- Red, puffy eye membranes (conjunctivitis)
- Haze or cloudiness to the cornea (if a corneal ulcer is occurring)
Entropion can develop in one eye or both eyes depending on the cause, and the eyes may have different symptoms if one eye is worse. Since these symptoms can develop with many different eye diseases, it is very important to have your cat examined by a veterinarian soon after symptoms start.
Entropion is diagnosed during a complete eye exam, which will also likely include a specialized green dye (fluorescein stain) test to check your cat’s eye for a corneal ulcer from the entropion.
Treatment Of Entropion In Cats
Entropion is most often treated with eyelid surgery. While there are a few different techniques, entropion surgery involves removing a small wedge or “smile-shaped” piece of fur and skin from below the abnormal eyelid margin.
When this area is stitched closed with delicate sutures, the eyelid margin is pulled away from the eye, flipping it back into the normal position. Entropion surgery in cats has a very good success rate.
Your vet may recommend delaying entropion surgery if your cat is a young, larger breed, male cat because sometimes they will grow out of it.
Eyelid Filler Injections
Very recently, veterinary ophthalmologists have reported using a hyaluronic acid eyelid filler injection (like collagen lip injections!) to treat eyelid entropion in elderly cats.
This technique is appealing as it is usually performed without anesthesia, which can be less expensive and less risky for older cats. The outcome is much harder to predict and control, however, as compared to traditional surgical correction.
Antibiotic eye medications are often used in cats with entropion to prevent a bacterial infection from developing, especially if there is a corneal ulcer. Sometimes pain medications are recommended even without surgery, but it is important to note that these are given by mouth – there are no pain-relieving eye drops for cats.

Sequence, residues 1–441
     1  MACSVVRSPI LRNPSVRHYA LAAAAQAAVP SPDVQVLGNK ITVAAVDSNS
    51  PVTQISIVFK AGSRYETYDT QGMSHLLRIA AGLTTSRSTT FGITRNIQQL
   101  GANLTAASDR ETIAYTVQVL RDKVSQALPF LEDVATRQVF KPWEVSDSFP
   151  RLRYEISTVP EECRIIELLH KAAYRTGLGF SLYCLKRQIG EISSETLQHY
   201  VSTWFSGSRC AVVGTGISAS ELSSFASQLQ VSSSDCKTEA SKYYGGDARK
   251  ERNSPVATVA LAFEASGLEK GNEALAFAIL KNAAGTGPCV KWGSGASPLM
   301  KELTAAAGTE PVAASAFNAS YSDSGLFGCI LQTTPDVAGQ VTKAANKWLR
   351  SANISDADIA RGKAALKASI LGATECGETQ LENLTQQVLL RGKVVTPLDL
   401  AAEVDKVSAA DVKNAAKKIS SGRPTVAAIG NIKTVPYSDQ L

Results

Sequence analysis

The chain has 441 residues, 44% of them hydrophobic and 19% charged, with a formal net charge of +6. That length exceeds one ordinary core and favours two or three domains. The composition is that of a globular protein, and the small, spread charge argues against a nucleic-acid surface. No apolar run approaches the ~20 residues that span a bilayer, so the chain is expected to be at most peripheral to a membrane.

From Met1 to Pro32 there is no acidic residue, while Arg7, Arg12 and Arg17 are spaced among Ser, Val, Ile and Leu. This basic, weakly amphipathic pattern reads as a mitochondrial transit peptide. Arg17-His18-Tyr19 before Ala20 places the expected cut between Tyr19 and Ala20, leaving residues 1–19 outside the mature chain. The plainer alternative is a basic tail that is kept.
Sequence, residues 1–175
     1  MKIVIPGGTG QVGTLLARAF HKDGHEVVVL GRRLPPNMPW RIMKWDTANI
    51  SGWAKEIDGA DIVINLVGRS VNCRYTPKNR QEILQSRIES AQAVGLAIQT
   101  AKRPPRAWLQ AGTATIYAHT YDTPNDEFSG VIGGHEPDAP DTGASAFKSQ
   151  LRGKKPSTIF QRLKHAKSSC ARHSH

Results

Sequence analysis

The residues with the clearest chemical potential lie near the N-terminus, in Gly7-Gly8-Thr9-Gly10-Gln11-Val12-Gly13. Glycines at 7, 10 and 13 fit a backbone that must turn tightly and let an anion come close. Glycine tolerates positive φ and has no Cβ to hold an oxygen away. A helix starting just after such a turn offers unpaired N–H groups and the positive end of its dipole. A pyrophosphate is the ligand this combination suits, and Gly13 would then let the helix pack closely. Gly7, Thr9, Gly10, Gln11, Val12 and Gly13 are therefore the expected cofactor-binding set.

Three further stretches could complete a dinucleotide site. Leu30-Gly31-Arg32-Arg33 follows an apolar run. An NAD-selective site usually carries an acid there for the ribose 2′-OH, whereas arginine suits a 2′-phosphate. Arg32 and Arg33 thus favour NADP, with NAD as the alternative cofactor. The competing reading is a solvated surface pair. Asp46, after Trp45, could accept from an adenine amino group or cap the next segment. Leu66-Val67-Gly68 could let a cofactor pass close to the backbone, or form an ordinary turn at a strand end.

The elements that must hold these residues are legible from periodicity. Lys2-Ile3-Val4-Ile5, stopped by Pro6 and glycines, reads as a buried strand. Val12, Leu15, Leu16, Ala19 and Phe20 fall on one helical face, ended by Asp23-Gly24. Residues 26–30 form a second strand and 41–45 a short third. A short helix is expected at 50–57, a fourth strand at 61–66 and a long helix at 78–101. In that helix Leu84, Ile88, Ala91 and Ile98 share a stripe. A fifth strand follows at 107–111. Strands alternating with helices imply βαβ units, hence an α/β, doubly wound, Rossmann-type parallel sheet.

Your vet may use a numbing eye drop during the eye exam, but this cannot be used as an on-going treatment for pain.
How Much Does Entropion Surgery Cost For Cats?
The cost of entropion surgery depends on a few main factors:
- Your geographic location / cost-of-living
- Whether the surgery is performed by a general practice vet or a board-certified veterinary ophthalmologist
- If one eye (unilateral) or both eyes (bilateral) need surgery
- How complicated of an entropion surgery is required for repair
Generally speaking, routine entropion surgery for one eye performed by a general practice vet would range from a few hundred dollars to $1,000. Entropion surgery performed by a board-certified veterinary ophthalmologist may be upwards of $2,000 or more, especially if the entropion is severe or requires extensive reconstructive techniques.
These costs should include anesthesia and post-operative medications. Some veterinarians will also include the initial post-operative recheck exam with surgery fees.
Entropion In Cats Recovery
After entropion surgery for your cat, a few things are to be expected:
- Your cat will have a small incision on the eyelid skin with stitches in the skin
- Mild swelling and redness around the incision is normal for a few days after surgery. Your cat will need to wear a hard, plastic Elizabethan collar to prevent anything from touching or rubbing against the incision or eyeball, causing damage or infection. This is usually just for a few days, but your vet will provide exact guidelines